While Dana Sumner admits to having “butterflies” in his stomach over NCUA’s final member business lending (MBL) rule, he says credit unions should view the changes as an opportunity.
“A lot still needs to be decided before we’re comfortable with these rules,” says Sumner, president/CEO of the consulting firm DFTC. “These are the biggest changes we’ve seen in the member business lending arena for some time.”
He says NCUA’s overhaul of its MBL regulations will allow credit union business lenders to expand their efforts and, with changes to loan participation rules, mitigate geographic risk.
“This is an exciting time,” Sumner says. “Be as open-minded as possible, but don’t take this lightly. NCUA will hold our feet to the fire regarding the business loans we do, and we’ll have to understand the rules very well.”
NCUA’s final MBL rule, which becomes effective Jan. 1, 2017, contains several key changes from the current rule, says Jared Ihrig, CUNA’s chief compliance officer.
Key changes in the final rule include:
• Giving credit union loan officers the ability, under certain circumstances, to not require a personal guarantee;
• Replacing explicit loan-to-value limits with the principle of appropriate collateral and eliminating the need for a waiver;
• Lifting limits on construction and development loans;
• Exempting credit unions with assets of less than $250 million and small commercial loan portfolios from certain requirements; and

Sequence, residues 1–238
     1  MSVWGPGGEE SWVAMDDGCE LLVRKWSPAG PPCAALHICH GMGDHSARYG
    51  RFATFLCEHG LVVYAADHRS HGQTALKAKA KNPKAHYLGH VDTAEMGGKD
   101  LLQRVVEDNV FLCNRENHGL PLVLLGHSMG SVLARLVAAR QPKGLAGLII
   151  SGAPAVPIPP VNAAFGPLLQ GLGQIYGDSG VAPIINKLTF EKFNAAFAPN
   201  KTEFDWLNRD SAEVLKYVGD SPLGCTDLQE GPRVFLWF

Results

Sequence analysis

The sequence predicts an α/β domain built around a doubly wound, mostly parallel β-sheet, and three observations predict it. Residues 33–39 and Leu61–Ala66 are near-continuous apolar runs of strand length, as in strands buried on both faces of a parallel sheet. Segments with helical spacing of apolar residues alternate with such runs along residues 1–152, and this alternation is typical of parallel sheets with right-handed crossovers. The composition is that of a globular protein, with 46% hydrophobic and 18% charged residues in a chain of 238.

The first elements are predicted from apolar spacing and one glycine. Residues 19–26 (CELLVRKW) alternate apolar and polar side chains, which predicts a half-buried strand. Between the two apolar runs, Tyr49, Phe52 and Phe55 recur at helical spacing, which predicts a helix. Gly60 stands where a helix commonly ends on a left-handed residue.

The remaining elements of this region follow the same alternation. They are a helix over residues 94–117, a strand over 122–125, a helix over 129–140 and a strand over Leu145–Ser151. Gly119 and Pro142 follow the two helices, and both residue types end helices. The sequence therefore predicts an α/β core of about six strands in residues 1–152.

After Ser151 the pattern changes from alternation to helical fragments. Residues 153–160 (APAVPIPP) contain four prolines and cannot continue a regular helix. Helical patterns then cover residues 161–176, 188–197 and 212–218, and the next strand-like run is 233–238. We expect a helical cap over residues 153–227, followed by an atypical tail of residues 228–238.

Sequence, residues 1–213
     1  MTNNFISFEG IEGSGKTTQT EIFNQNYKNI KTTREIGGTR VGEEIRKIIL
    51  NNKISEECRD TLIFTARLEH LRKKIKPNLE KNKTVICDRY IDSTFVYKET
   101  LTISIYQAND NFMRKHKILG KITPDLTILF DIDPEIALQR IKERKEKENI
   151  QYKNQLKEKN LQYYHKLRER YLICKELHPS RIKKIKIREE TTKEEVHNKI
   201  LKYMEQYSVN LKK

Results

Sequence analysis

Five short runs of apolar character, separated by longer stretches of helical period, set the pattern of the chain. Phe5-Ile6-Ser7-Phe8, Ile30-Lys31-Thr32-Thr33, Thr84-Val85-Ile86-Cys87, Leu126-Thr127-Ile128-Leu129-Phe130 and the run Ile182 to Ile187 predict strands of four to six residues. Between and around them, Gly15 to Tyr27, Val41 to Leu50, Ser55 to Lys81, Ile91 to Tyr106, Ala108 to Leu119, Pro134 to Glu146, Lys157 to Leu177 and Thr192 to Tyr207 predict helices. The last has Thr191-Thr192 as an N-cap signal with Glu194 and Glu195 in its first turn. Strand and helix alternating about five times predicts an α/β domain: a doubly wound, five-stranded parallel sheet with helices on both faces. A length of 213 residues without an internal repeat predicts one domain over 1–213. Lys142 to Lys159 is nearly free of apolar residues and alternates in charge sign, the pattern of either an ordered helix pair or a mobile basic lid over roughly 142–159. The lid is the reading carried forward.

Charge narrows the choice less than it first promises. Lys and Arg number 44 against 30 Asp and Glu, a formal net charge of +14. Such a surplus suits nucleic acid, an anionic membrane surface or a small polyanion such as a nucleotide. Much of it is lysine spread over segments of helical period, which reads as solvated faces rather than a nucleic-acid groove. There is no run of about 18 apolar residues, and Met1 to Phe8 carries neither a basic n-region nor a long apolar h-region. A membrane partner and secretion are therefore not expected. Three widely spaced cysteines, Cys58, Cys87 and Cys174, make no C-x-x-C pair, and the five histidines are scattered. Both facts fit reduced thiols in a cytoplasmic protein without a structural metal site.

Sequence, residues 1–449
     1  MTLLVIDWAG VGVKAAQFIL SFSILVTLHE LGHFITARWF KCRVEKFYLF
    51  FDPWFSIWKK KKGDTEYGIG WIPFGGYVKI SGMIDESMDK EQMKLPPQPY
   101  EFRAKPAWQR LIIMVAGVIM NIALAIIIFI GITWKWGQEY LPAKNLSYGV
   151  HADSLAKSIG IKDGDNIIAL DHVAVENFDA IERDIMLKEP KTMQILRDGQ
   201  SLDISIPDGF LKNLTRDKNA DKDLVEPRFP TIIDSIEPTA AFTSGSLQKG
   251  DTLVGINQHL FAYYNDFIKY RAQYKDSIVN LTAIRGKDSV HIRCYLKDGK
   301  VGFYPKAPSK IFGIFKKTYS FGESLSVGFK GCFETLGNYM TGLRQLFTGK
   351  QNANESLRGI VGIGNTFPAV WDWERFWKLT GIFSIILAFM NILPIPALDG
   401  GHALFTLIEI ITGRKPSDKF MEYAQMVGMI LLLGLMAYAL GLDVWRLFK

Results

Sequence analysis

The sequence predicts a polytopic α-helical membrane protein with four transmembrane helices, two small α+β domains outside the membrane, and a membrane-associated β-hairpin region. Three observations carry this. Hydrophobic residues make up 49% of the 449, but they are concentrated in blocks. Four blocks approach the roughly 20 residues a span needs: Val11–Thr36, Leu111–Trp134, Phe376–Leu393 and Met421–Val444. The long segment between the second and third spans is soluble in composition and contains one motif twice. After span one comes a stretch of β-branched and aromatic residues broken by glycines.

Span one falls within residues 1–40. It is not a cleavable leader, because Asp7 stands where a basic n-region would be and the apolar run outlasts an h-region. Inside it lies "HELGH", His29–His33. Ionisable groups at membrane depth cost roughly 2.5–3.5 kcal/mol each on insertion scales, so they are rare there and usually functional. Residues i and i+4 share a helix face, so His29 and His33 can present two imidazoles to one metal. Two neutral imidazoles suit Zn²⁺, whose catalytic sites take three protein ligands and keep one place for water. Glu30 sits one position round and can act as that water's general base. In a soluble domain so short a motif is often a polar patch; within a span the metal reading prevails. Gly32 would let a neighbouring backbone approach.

• Affirming that nonmember loan participations do not count against the statutory member business lending cap.
But credit unions won’t be able to assess the rule’s impact until NCUA provides more guidance to clarify how the new standards will be enforced, Ihrig says. He expects the agency to release supervisory guidance sometime in late fall.
NCUA examiner training began in April and will continue with additional sessions scheduled for as late as September or October of this year, he adds.
“So that supervisory guidance probably won’t be issued until late fall; possibly November or December,” Ihrig says. “That’s what we’ll have to look at to determine how examiners will approach the new regulation once it goes into effect, and what they’ll be looking for specifically.”
Board members will be affected by the final MBL rule as well, Sumner adds.
“NCUA is placing big importance on the board understanding member business lending and the risks involved,” he says. “This must occur. We advise having a director be a liaison for the rest of the board on MBLs. The board ultimately is accountable for the safety and soundness of business lending activities.”
In October, CUNA will be conducting a two-part webinar series, designed specifically for credit union board members, to provide a better understanding on the MBL process.
Ihrig and Sumner addressed a session at the CUNA Business Lending Certification School in Madison, Wis.